The key part of the system was running the bricks past a camera paired with a computer running a neural net-based image classifier. That allows the computer (when sufficiently trained on brick images) to recognize bricks and thus categorize them by color, shape, or other parameters. Remember that as bricks pass by, they can be in any orientation, can be dirty, can even be stuck to other pieces. So having a flexible software system is key to recognizing—in a fraction of a second—what a given brick is, in order to sort it out. When a match is found, a jet of compressed air pops the piece off the conveyer belt and into a waiting bin.

After much experimentation, Mattheij rewrote the software (several times in fact) to accomplish a variety of basic tasks. At its core, the system takes images from a webcam and feeds them to a neural network to do the classification. Of course, the neural net needs to be "trained" by showing it lots of images, and telling it what those images represent. Mattheij's breakthrough was allowing the machine to effectively train itself, with guidance: Running pieces through allows the system to take its own photos, make a guess, and build on that guess. As long as Mattheij corrects the incorrect guesses, he ends up with a decent (and self-reinforcing) corpus of training data. As the machine continues running, it can rack up more training, allowing it to recognize a broad variety of pieces on the fly.

Here's another video, focusing on how the pieces move on conveyer belts (running at slow speed so puny humans can follow). You can also see the air jets in action:

In an email interview, Mattheij told Mental Floss that the system currently sorts LEGO bricks into more than 50 categories. It can also be run in a color-sorting mode to bin the parts across 12 color groups. (Thus at present you'd likely do a two-pass sort on the bricks: once for shape, then a separate pass for color.) He continues to refine the system, with a focus on making its recognition abilities faster. At some point down the line, he plans to make the software portion open source. You're on your own as far as building conveyer belts, bins, and so forth.

Check out Mattheij's writeup in two parts for more information. It starts with an overview of the story, followed up with a deep dive on the software. He's also tweeting about the project (among other things). And if you look around a bit, you'll find bulk LEGO brick auctions online—it's definitely a thing!

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© Nintendo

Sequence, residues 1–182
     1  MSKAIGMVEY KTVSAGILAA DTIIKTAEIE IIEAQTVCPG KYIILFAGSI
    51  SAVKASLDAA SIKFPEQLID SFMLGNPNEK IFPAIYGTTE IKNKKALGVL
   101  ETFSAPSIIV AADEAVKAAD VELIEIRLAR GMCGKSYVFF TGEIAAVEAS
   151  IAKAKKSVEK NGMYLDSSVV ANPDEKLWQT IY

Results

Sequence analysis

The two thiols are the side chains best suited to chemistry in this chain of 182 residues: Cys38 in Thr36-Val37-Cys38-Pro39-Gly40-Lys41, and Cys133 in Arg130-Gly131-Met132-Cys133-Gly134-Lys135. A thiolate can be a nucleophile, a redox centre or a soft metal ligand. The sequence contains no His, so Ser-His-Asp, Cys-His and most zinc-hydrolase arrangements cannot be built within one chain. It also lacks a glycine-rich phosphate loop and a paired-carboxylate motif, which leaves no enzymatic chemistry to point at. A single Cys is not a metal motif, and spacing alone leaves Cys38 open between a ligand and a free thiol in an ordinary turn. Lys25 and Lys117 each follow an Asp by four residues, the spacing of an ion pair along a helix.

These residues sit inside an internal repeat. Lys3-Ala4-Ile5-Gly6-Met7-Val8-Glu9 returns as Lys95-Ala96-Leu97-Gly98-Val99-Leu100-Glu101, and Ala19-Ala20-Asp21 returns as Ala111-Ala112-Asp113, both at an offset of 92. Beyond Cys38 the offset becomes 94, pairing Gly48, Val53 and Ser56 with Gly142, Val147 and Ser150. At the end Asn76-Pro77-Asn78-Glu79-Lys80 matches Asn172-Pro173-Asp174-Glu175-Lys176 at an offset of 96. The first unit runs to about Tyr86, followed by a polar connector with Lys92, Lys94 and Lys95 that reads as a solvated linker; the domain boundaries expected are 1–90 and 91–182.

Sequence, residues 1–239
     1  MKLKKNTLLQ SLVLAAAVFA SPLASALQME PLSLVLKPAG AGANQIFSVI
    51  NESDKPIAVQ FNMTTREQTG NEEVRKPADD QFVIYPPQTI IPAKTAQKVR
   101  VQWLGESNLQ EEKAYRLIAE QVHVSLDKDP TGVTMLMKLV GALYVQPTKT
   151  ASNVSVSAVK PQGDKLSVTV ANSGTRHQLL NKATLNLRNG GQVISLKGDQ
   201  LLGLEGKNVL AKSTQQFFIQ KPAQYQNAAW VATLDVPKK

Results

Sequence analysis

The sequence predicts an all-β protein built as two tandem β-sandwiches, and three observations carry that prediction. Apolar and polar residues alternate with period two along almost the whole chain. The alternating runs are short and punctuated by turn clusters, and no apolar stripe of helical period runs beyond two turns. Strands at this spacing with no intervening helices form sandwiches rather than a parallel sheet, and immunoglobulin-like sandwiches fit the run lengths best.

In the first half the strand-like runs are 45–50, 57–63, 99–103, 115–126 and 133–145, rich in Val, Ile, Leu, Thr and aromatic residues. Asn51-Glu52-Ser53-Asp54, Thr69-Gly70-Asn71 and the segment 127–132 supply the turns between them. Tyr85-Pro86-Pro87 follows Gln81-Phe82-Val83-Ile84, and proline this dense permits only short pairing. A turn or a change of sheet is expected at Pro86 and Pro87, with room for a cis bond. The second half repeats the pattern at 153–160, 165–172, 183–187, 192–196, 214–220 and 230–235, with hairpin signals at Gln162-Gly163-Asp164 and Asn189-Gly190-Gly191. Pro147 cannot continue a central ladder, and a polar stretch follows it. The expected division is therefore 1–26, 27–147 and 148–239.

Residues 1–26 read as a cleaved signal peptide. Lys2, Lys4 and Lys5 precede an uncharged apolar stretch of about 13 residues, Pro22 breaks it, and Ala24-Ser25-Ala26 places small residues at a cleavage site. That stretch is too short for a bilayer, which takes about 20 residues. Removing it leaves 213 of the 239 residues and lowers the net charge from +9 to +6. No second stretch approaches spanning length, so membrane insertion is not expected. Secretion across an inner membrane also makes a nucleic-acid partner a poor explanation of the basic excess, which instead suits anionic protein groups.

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Nintendo Will Release an $80 Mini SNES in September
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© Nintendo

Retro gamers rejoice: Nintendo just announced that it will be launching a revamped version of its beloved Super Nintendo Classic console, which will allow kids and grown-ups alike to play classic 16-bit games in high-definition.

The new SNES Classic Edition, a miniature version of the original console, comes with an HDMI cable to make it compatible with modern televisions. It also comes pre-loaded with a roster of 21 games, including Super Mario Kart, The Legend of Zelda: A Link to the Past, Donkey Kong Country, and Star Fox 2, an unreleased sequel to the 1993 original.

“While many people from around the world consider the Super NES to be one of the greatest video game systems ever made, many of our younger fans never had a chance to play it,” Doug Bowser, Nintendo's senior vice president of sales and marketing, said in a statement. “With the Super NES Classic Edition, new fans will be introduced to some of the best Nintendo games of all time, while longtime fans can relive some of their favorite retro classics with family and friends.”

The SNES Classic Edition will go on sale on September 29 and retail for $79.99. Nintendo reportedly only plans to manufacture the console “until the end of calendar year 2017,” which means that the competition to get your hands on one will likely be stiff, as anyone who tried to purchase an NES Classic last year will well remember.

In November 2016, Nintendo released a miniature version of its original NES system, which sold out pretty much instantly. After selling 2.3 million units, Nintendo discontinued the NES Classic in April. In a statement to Polygon, the company has pledged to “produce significantly more units of Super NES Classic Edition than we did of NES Classic Edition.”

Nintendo has not yet released information about where gamers will be able to buy the new console, but you may want to start planning to get in line soon.